As with NASCAR’s other national touring series, the Camping World Truck Series kicked off the season Feb. 24 at Daytona International Speedway.
The trucks were on the track again the next week at Atlanta Motor Speedway, but there’s only been one race during the nine weekends since.
The extended downtime makes this weekend the unofficial start of the Truck Series season.
At least, that’s the way it feels to drivers given the back-loaded schedule that ramps up beginning Friday with the Toyota Tundra 250 at Kansas Speedway, which ends a five-week layoff.
Never miss a local story.
The green flag finally drops again at 7:30 p.m. on FS1.
“You go to Daytona, Atlanta and Martinsville, but you’re off so much time I’ve actually referred to (Kansas) as the start of the season in several interviews,” second-year Truck Series driver Ben Rhodes said. “You’re finally having a consistent run, you’re finally getting into the truck every week, and you’re finally getting to work with your team every week on making a setup better.”
It didn’t used to be that way.
Veteran Matt Crafton, who’s driven full time on the Truck Series for 17 years, remembers when the schedule was more consistent.
“We used to have 25 races and they were trying to save the team owners money and scale it back to 22 races at one point,” said Crafton, a two-time series champion. “My opinion, they went about it completely the wrong way.”
When Truck Series teams don’t race, there’s no chance for sponsorship money, but employees still have to be paid.
“They don’t have to pay a tire bill that week or a motor bill, but a lot of times the sponsor pays for that plus some,” Crafton said. “When they cut those three races out, and they cut them all out at the beginning of the year, they thought that would save a lot of money and it didn’t. It truly didn’t and, truthfully, hurt the team owners.”
Crafton hopes to see a return to 25 or more races, nothing like the 36-race Monster Energy NASCAR Cup Series schedule or 33-race Xfinity Series schedule but still more substantial than the current schedule.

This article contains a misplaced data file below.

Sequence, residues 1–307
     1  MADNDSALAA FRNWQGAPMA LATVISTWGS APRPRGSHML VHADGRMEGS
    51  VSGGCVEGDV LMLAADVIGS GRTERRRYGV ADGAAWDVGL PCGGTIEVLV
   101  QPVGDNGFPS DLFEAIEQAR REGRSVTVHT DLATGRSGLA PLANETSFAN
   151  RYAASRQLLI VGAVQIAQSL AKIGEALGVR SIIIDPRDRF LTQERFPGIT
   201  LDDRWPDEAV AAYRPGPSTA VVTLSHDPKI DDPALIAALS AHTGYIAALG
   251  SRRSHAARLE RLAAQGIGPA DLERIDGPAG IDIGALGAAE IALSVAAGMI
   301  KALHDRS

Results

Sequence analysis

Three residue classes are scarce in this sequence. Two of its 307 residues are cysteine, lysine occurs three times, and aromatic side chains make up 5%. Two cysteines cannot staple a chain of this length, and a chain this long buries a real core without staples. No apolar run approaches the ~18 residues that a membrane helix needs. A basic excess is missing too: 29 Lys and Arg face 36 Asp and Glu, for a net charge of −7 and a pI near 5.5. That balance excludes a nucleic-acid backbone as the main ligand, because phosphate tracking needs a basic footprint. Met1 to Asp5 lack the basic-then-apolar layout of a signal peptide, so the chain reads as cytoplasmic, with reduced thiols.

For now, Truck Series drivers have to figure out ways to wile away two months away from the track.
“It’s trying, but you also have to appreciate the time off too — to get trucks built, to kind of work ahead — because you know once it gets here that it’s not going to stop until November,” Rhodes said.
Drivers took part in a test last week at Charlotte Motor Speedway.
Many — including Crafton, Timothy Peters, Chase Briscoe, Christopher Bell — also drove in dirt-track races to stay sharp behind the wheel.
Bell, who won at Atlanta, also spent time getting familiar with Joe Gibbs Racing’s stock-car setup in preparation for his Xfinity Series debut later this month.
But that’s not all the Truck Series drivers were up — aside from the April 1 race at Martinsville — since running at Atlanta.
Rhodes attended the Kentucky Derby decked in a bright blue suit with a coral bowtie and silk pocket square.
“No hat, but next year I’m going to do some suspenders, a hat and maybe even a cane,” Rhodes said. “I’m going to get pretty fancy next year.”
John Hunter Nemechek spent his time cycling to stay in shape when not in the shop.
Other drivers like Daytona winner Kaz Grala and Noah Gragson worked to finish their high school diplomas.
Grala also raced in twin 9-hour endurance races at Watkins Glen International and visited a few colleges, ultimately deciding to attend Georgia Tech and study mechanical engineering.
“We’re really going to start hitting the ground running now (at Kansas),” said Cody Coughlin, who visited Prairie Star Elementary in Leawood along with Rhodes on Wednesday to talk with 150 children about the science of racing, “and it’s going to be time to really start performing.”